India's federal cabinet on Wednesday approved a relief package for its cash-strapped telecoms sector including a four-year moratorium on airwaves payments due to the government, the country's telecoms minister said.
The deferred payments cycle will begin from Oct. 1, telecoms minister Ashwini Vaishnaw told a news conference, giving debt-ridden Vodafone Idea - which previously said it runs the risk of a shutdown without government help - more time to pay dues.
Shares in Vodafone Idea rose 2.9% on the news, while Bharti Airtel closed 4.5% up in a broader Mumbai market that closed 0.8% higher.
Some of the other measures announced in the telecoms package include raising the tenure of airwaves held by firms to 30 years from the current 20 years, waiving the usage charge for airwaves acquired via future auctions, and completely free sharing of spectrum between carriers, Vaishnaw said.
Bharti Airtel and Reliance Jio said the measures will boost growth in the telecoms industry. Vodafone Idea's owners, Britain's Vodafone Group and India's Aditya Birla Group, said the reforms will help unshackle the telecoms sector.
India's telecoms sector ran into trouble in late 2016 with the entry of billionaire Mukesh Ambani's Reliance Jio, sparking a price war that has forced some rivals out of the market and turned profits into losses.
Vaishnaw said the government was changing the contentious definition of adjusted gross revenue (AGR) to count only telecoms revenue.
India had long held that even companies' non-telecoms revenue was part of AGR, leading to a lengthy legal battle which culminated in 2019 with the Supreme Court siding with the government's view and leading to a bill of roughly $13 billion for wireless carriers.
All telecoms reforms will be applied going forward and not retrospectively, Vaishnaw said, which means Indian carriers still have to settle billions of dollars in outstanding AGR payments to the government.
The measures, which also include a four-year deferral in payments of AGR dues, will likely ease the cash crunch at Vodafone Idea.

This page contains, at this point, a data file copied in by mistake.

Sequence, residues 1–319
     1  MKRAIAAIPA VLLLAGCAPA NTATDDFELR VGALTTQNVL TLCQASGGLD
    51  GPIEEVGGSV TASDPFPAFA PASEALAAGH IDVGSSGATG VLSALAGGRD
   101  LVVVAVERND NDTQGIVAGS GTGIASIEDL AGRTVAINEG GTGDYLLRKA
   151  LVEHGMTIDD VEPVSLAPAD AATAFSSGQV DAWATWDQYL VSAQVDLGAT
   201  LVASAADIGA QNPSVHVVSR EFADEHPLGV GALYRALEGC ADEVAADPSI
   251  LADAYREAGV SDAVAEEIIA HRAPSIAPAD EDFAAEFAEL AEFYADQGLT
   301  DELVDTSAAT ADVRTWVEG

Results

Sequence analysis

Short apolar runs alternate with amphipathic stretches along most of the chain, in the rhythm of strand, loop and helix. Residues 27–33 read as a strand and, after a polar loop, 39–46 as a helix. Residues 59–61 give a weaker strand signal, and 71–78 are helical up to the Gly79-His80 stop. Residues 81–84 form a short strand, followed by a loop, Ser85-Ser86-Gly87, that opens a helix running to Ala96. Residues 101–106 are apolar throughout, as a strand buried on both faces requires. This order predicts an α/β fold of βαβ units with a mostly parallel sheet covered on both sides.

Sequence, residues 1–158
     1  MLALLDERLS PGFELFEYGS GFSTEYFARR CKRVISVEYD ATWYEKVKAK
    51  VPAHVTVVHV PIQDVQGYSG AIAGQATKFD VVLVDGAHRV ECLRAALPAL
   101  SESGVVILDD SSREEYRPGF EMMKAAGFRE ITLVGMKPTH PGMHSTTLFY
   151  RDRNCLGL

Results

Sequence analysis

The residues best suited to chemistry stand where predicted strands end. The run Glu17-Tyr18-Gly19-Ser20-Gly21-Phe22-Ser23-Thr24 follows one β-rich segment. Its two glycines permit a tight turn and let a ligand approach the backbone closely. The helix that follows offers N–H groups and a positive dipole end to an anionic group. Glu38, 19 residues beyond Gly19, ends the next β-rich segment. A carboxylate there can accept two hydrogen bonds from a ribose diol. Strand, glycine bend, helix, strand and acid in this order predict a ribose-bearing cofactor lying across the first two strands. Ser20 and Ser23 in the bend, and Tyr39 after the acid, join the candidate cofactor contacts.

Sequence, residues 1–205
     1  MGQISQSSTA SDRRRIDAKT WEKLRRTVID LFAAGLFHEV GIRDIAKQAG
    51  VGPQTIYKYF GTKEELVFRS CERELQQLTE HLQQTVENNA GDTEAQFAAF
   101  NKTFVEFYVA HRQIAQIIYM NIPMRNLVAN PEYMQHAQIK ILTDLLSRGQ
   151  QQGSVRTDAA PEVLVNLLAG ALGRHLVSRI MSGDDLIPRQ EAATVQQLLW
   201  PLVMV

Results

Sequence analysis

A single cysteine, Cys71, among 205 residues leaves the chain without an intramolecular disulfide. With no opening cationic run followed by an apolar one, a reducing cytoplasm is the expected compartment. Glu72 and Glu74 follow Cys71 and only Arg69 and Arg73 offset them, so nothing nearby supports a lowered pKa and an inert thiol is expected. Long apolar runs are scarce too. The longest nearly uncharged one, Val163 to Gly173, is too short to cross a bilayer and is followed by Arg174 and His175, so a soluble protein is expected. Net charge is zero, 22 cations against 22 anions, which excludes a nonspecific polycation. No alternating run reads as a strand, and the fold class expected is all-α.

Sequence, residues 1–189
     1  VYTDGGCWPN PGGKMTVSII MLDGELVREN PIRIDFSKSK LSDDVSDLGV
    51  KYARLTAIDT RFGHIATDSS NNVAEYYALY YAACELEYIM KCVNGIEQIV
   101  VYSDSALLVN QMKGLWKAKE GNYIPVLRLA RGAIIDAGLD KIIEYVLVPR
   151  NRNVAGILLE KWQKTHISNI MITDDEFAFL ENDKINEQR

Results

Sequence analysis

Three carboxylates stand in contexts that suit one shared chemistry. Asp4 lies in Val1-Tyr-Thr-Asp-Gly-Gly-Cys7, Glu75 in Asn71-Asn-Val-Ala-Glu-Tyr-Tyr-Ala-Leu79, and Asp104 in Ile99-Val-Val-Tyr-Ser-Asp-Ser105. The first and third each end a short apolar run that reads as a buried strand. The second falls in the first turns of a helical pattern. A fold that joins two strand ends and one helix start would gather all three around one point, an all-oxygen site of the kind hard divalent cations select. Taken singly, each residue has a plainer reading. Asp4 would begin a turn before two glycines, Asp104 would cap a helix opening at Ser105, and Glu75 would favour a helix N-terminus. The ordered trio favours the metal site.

The Supreme Court had directed companies to clear AGR dues by 2031.
Vodafone Idea, a combination of the India unit of Britain's Vodafone Group and domestic telecoms firm Idea Cellular, has paid the government 78.54 billion rupees ($1.07 billion) in AGR dues, but still owes roughly 500 billion.
It is saddled with net debt of 1.91 trillion rupees and its billionaire chairman's resignation last month sparked fears that India might be left with just two major carriers.
On Wednesday, Vaishnaw said the government did not want a duopoly.
"We believe that there should be healthy competition in the sector. And for that there will be further reforms when the 5G spectrum is auctioned out ... so that more and more players can get into this sector," Vaishnaw said.
Bharti Airtel has said it paid dues estimated at 180 billion rupees and government figures show it owes a further 259.76 billion.
India's newest carrier, Reliance Jio has already paid its small share of AGR dues.
As part of the measures, the cabinet also allowed 100% foreign direct investment in the sector via the automatic route, Vaishnaw said, a move that will allow easy investment in the sector without separate government approvals.
"The relief comes just in time, and it will, at the very least, assist telecom companies in navigating the market," said Sonam Chandwani, Managing Partner at law firm KS Legal & Associates.
($1 = 73.4430 Indian rupees)